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Lagos to convert general hospital to eye centre

Abayomi said this during the 4th Annual General Meeting and Scientific Conference of the Africa Retina Society on Thursday in Lagos.

The News Agency of Nigeria (NAN) reports that the event was themed, “Upscaling Retinal Services in a Resource-Constrained Economy.”

Abayomi said the centre would provide a world-class diagnostic, medical, surgical and ophthalmic services in Lagos and Nigeria.

He stressed that the state would prioritise eye health, noting that the state was working on developing screening capacity of all its primary healthcare facilities to detect eye diseases early.

“The conditions that affect the eyes very much reflect the conditions of the community in which you live. HIV, for example, was a major problem in South Africa, and I certainly experienced the impact of HIV on our day-to-day medicine and practice.

“Here in Nigeria, we have other things. We have hypertension, diabetes, sickle cell, and lots of trauma. These are the kinds of things that we see in our clinics here in Lagos and in Nigeria.

“We need to be able to understand how these prevailing conditions really affect us,” he said.

The commissioner further said that efforts are ongoing to promote eye screening, especially in schools, starting with the training of teachers to detect students exhibiting challenges with their vision.

He added that the state would leverage the social health insurance to screen, detect and treat eye diseases as patients presents at health facilities.

The commissioner further said the state would strengthen public awareness and understanding on eye health, especially glaucoma and visual acuity.

Abayomi disclosed that the state through its Ministry of Health had forged a partnership with the Chagoury Group
to develop a specialist eye hospital in Lagos to boost access to eye services.

He acknowledged that ophthalmology was equipment-intensive, stressing that government would pay attention to that and human resources to enable practitioners make appropriate diagnosis, and treatment to reverse medical tourism.

Earlier, Prof. Linda Visser, Head, Division of Ophthalmology Stellenbosch University, South Africa, called on policy makers to formulate policies that would integrate eye screening into diabetes care from the primary healthcare level, noting that cases of diabetic retinopathy was on the increase among Africans.

Diabetic retinopathy (DR) is a chronic progressive disease of the retinal capillaries (small blood vessels) associated with prolonged raised blood glucose levels in people with diabetes.

Visser cited data from International Diabetes Foundation that showed that 537 million adults aged 20 to 79 years are living with diabetes globally, a number that was predicted to reach 1.3 billion in 50 years.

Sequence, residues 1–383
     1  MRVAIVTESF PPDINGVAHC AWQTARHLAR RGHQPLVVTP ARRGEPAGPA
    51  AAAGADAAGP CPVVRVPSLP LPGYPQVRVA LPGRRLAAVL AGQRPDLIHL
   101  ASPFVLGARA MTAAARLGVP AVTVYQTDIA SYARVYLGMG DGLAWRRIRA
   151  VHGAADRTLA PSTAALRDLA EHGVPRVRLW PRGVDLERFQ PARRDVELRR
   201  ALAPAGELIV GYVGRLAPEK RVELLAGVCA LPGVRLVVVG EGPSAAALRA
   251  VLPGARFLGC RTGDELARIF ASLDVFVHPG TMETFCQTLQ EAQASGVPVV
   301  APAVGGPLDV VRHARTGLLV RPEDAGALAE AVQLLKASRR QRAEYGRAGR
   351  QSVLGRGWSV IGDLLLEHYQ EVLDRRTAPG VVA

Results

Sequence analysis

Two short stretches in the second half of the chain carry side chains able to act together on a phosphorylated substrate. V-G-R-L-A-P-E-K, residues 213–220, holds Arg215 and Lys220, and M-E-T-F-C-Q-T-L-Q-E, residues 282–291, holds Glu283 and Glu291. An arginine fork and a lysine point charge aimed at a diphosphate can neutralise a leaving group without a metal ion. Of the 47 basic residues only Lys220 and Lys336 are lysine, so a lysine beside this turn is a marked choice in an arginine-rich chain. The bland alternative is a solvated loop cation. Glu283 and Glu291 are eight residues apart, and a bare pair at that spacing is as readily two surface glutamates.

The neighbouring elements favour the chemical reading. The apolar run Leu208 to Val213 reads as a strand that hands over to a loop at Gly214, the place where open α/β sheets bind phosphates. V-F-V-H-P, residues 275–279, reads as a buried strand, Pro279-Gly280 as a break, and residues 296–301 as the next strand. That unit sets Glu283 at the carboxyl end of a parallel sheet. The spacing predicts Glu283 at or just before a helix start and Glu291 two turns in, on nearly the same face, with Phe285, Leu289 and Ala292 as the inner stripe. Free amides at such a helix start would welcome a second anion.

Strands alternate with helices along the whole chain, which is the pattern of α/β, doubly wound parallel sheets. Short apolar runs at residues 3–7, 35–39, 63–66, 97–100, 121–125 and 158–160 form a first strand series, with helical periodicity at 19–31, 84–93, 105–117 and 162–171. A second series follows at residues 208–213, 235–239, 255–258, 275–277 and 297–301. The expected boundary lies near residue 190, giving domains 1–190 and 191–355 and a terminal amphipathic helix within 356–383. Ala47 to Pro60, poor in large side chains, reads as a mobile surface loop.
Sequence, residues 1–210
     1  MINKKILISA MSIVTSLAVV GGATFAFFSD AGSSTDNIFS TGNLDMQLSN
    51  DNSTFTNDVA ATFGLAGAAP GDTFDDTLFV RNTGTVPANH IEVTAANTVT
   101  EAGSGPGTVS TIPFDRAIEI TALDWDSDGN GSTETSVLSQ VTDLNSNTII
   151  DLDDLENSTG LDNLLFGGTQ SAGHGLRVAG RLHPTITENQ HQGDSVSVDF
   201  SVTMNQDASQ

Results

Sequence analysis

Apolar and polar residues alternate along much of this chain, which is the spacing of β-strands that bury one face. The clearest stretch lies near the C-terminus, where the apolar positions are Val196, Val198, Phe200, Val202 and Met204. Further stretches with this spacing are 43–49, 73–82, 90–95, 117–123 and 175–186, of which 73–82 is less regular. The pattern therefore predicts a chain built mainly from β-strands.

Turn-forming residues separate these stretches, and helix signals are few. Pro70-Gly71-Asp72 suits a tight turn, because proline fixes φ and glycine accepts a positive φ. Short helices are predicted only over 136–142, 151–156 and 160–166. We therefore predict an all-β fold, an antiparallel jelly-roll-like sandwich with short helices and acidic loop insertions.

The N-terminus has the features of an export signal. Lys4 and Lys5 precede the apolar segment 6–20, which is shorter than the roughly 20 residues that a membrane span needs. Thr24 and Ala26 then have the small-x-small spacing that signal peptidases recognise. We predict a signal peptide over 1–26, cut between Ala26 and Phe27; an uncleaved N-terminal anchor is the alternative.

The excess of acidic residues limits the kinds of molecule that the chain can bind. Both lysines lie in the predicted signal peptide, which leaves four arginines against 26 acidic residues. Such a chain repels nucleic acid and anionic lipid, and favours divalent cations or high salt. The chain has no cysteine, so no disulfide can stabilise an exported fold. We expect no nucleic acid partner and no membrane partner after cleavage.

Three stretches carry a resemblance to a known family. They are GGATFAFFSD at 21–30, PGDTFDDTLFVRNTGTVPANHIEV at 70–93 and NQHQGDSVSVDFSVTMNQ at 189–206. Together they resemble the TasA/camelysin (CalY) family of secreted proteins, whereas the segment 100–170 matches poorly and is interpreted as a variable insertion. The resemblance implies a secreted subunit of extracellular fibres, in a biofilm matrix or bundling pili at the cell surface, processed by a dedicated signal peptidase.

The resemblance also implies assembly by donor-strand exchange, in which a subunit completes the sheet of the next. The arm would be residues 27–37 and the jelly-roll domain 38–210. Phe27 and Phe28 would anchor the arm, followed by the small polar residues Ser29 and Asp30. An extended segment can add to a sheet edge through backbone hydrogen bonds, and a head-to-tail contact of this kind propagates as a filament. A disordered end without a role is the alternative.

“The high prevalence of type 2 diabetes continues to rise worldwide and is particularly rapid in low- and middle income countries.

“Most of these countries have limited availability and affordability of healthcare services for screening and treating diabetes-related complications, such as retinopathy, to prevent vision loss,”

According to her, all persons with diabetes are at risk of developing DR, however, those with poor blood glucose and blood pressure management and hyperlipidaemia are most at risk.

Visser, Past President, Vitreoretinal Society of South Africa, emphasised that early detection would lead to timely treatment of DR, which could prevent 95 per cent of vision impairment and blindness.

Also, Dr Asiwome Seneadza, Chairman, Africa Retina Society, said that the theme was timely and critical as efforts are made to navigate the complexities and challenges in delivering advanced retinal care across the continent.

Seneadza said, “That’s why we are advocating for improved diabetes care and regular retinal screening made available and accessible for every individual living with diabetes,” he said.

Similarly, Prof. Bassey Fiebai, Chairman, Vitreo Retinal Society of Nigeria, said the meeting was critical to proffering solutions to the challenge of offering standard retina care, improving outcomes and reducing visual loss from retina related disorders among low to medium income countries.

Fiebai said that the government plays a critical role in providing funding, training of personnel, provision of equipment to improve screening, detection and treatment of retinopathy disease.

The professor noted that retina specialists are few in Nigeria, placing the figure at about 100, stressing that it was inadequate to cater to the teeming population who require eye care.

“Right now in the country, we have just a little over 100 retina specialists. And we know that the population of Nigeria is about 230 million.

“So we’re looking at a situation in which one retina specialist is supposed to cater for 2.3 million people. How does anyone cope?” she queried.

NAN reports that the Annual General Meeting and Scientific Conference of the Africa Retina Society which began on June 26 to June 28, had participants from various African countries brainstorm on enhancing retinal care. (NAN)

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